Making a stand-alone Z80 CP/M computer

I didn’t expect it, but there has been a lot of interest in my video series on building a standalone CP/M computer. What I’m doing is to use a Z80 Playground as the motherboard, a VGA32 as the terminal board, and put the whole lot into a case. I am then adding a keyboard and a monitor, to get a finished computer, 1980-style! Here are the videos in the series:

Part 1
Part 2
Part 3

Calling CORE functions on the Z80 Playground

When you start CP/M the following 4 .bin files are loaded into memory:
Core – A bunch of core routines, for leds, disks etc
BIOS – A stub of a BIOS
BDOS – The main part of CP/M
CCP – The interface of CP/M.

The location that the files are loaded into is dictated by the cpm.cfg file. You see these values when CP/M starts:


The CORE.BIN file contains various functions for accessing the hardware, such as switching on LEDs etc.

The Disk, User and Rom LEDs are connected to the 16550 Modem Control Register port. The ports are shown in one of the Monitor screens:

16C550C UART Ports     CH376S Module Ports
-------------------    -------------------
TX / RX           8    Data Port        16
Interrupt Enable  9    Command Port     17
Interrup Status  10
Line Control     11
Modem Control    12
Line Status      13
Modem Status     14
Scratch          15

So, to turn on the Disk LED (for example) there is a piece of code already loaded up in the CORE that looks like this:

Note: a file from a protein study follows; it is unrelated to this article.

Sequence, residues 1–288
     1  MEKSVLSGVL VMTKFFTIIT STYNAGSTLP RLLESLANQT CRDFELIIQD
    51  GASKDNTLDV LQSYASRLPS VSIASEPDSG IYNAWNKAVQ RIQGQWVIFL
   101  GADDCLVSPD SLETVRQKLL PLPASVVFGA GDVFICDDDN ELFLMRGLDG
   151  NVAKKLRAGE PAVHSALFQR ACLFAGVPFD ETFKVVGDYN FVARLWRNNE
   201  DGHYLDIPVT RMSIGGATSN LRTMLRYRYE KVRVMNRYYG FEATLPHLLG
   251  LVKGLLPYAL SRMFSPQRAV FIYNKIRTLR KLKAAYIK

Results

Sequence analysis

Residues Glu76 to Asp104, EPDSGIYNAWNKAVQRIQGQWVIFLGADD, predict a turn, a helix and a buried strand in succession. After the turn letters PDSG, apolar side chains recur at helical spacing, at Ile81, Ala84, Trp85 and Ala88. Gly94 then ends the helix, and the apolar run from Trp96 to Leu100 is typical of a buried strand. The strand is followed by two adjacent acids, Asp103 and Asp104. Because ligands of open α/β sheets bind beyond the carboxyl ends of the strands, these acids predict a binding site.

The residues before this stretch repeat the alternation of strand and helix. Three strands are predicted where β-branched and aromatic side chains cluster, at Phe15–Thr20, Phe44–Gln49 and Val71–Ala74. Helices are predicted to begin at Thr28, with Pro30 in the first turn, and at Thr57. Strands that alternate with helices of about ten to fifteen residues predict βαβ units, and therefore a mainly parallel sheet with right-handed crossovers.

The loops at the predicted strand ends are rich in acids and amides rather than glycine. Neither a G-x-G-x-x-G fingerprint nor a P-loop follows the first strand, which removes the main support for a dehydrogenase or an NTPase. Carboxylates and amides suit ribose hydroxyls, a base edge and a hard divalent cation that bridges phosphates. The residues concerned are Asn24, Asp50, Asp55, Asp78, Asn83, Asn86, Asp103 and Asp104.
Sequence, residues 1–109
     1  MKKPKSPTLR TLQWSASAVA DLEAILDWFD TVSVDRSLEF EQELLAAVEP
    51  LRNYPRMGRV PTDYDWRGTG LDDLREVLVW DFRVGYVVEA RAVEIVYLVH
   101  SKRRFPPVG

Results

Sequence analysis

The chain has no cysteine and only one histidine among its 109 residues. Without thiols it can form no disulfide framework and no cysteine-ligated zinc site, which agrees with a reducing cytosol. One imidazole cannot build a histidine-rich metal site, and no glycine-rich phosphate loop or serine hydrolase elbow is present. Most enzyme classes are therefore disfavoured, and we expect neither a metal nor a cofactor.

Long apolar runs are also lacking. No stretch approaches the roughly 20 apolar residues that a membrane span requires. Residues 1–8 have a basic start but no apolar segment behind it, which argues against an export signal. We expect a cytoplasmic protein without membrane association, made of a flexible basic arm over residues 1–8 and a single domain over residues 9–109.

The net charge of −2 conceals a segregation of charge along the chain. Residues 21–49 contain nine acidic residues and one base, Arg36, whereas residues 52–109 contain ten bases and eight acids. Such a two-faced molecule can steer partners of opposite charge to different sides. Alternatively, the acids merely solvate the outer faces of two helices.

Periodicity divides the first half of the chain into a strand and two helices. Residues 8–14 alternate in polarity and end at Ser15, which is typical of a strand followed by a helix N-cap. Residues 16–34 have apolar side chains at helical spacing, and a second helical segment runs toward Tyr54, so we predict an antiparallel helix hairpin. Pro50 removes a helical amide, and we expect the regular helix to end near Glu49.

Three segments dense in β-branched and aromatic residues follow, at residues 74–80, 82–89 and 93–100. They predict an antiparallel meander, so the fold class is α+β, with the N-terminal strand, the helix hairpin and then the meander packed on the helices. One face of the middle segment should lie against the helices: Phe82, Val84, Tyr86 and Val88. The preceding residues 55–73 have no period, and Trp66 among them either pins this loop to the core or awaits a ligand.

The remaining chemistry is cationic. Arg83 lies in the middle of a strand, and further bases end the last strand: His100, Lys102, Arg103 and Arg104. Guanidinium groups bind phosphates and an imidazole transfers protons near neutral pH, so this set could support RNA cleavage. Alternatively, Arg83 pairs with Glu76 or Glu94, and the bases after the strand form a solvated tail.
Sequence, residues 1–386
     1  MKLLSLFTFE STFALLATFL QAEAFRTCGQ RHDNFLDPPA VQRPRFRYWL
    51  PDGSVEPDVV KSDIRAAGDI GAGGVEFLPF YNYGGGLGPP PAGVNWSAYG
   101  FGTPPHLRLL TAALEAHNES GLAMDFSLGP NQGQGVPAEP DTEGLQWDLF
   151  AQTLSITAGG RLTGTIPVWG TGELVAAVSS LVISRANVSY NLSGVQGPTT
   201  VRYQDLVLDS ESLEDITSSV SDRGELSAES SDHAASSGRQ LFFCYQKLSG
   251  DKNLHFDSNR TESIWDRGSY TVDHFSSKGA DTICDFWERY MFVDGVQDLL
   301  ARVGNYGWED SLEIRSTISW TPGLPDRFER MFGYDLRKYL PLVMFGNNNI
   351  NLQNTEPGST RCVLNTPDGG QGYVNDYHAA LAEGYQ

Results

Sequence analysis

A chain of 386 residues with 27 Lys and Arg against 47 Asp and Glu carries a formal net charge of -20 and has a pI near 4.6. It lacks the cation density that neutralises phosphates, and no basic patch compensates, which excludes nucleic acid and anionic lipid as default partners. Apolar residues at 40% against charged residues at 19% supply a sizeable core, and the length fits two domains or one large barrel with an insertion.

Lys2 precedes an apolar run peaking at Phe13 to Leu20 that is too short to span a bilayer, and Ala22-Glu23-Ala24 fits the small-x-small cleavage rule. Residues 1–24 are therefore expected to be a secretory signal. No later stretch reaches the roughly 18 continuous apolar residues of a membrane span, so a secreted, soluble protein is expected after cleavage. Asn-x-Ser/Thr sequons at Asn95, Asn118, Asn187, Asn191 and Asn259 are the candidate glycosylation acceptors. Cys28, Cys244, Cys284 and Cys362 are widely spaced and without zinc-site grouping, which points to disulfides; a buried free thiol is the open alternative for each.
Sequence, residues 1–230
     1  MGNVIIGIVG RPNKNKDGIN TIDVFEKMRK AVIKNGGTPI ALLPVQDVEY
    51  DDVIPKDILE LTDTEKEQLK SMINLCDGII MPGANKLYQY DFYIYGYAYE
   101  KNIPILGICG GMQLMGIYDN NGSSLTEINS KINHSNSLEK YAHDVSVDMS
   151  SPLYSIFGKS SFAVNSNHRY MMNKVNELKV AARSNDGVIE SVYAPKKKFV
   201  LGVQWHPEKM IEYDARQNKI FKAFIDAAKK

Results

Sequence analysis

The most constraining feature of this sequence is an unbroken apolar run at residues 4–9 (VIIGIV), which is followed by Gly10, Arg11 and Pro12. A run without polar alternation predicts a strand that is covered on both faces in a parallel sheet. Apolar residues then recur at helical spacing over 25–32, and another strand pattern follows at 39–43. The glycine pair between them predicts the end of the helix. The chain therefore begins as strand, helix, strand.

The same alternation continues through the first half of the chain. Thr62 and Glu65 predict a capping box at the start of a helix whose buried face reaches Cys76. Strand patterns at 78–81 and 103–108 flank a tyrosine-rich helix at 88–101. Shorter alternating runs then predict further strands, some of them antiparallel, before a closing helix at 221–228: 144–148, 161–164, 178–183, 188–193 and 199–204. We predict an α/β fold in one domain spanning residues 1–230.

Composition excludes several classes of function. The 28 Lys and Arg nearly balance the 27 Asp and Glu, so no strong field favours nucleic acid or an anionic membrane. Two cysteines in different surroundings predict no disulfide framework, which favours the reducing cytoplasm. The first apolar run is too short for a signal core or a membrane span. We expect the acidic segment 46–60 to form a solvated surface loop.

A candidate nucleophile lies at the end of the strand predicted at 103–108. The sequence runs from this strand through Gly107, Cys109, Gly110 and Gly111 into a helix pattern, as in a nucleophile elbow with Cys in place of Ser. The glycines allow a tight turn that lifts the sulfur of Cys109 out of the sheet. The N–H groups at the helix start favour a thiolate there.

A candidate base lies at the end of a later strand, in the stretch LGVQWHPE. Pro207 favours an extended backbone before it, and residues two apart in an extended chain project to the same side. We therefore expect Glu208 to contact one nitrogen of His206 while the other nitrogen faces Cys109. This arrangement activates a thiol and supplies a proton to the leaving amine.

; turn disk LED on
in a, (uart_MCR)
or %00000100
out (uart_MCR), a

If you want to call any of the core functions from a .com file you can include the core_jump.asm file in your program. This is just a list of all the core routines, arranged as a jump-indirection table, just to make life easier. You’ll need to include port_numbers.asm and locations.asm too, which are just some EQUs. You can then toggle the disk light by calling CORE_disk_toggle.

2048 – A genuinely addictive game for CP/M

The only games that I have played on CP/M that have been any good up until now have been text-based adventures. The other games, like Pacman, have all been a bit underwhelming. But now I have found 2048 and it is actually really good. It’s a sliding tile puzzle game where you have to combine numbers to get to 2048 (which I have not yet achieved). Once you get the hang of it, it is strangely addictive.

The controls are:
A = Left
D = Right
W = Up
S = Down

I think it could be improved with some animation, and maybe better use of colour. But it’s very good. Here it is:

Z80 Playground v1.2 Schematic

Here is the schematic for the latest version of the Z80 Playground. This is the version that I am selling on eBay.

I’ve improved the logic around the peripheral ports so it is simpler. I’ve added an /int button, and there are a few other minor improvements. I’m very happy with this version. It’s the best yet!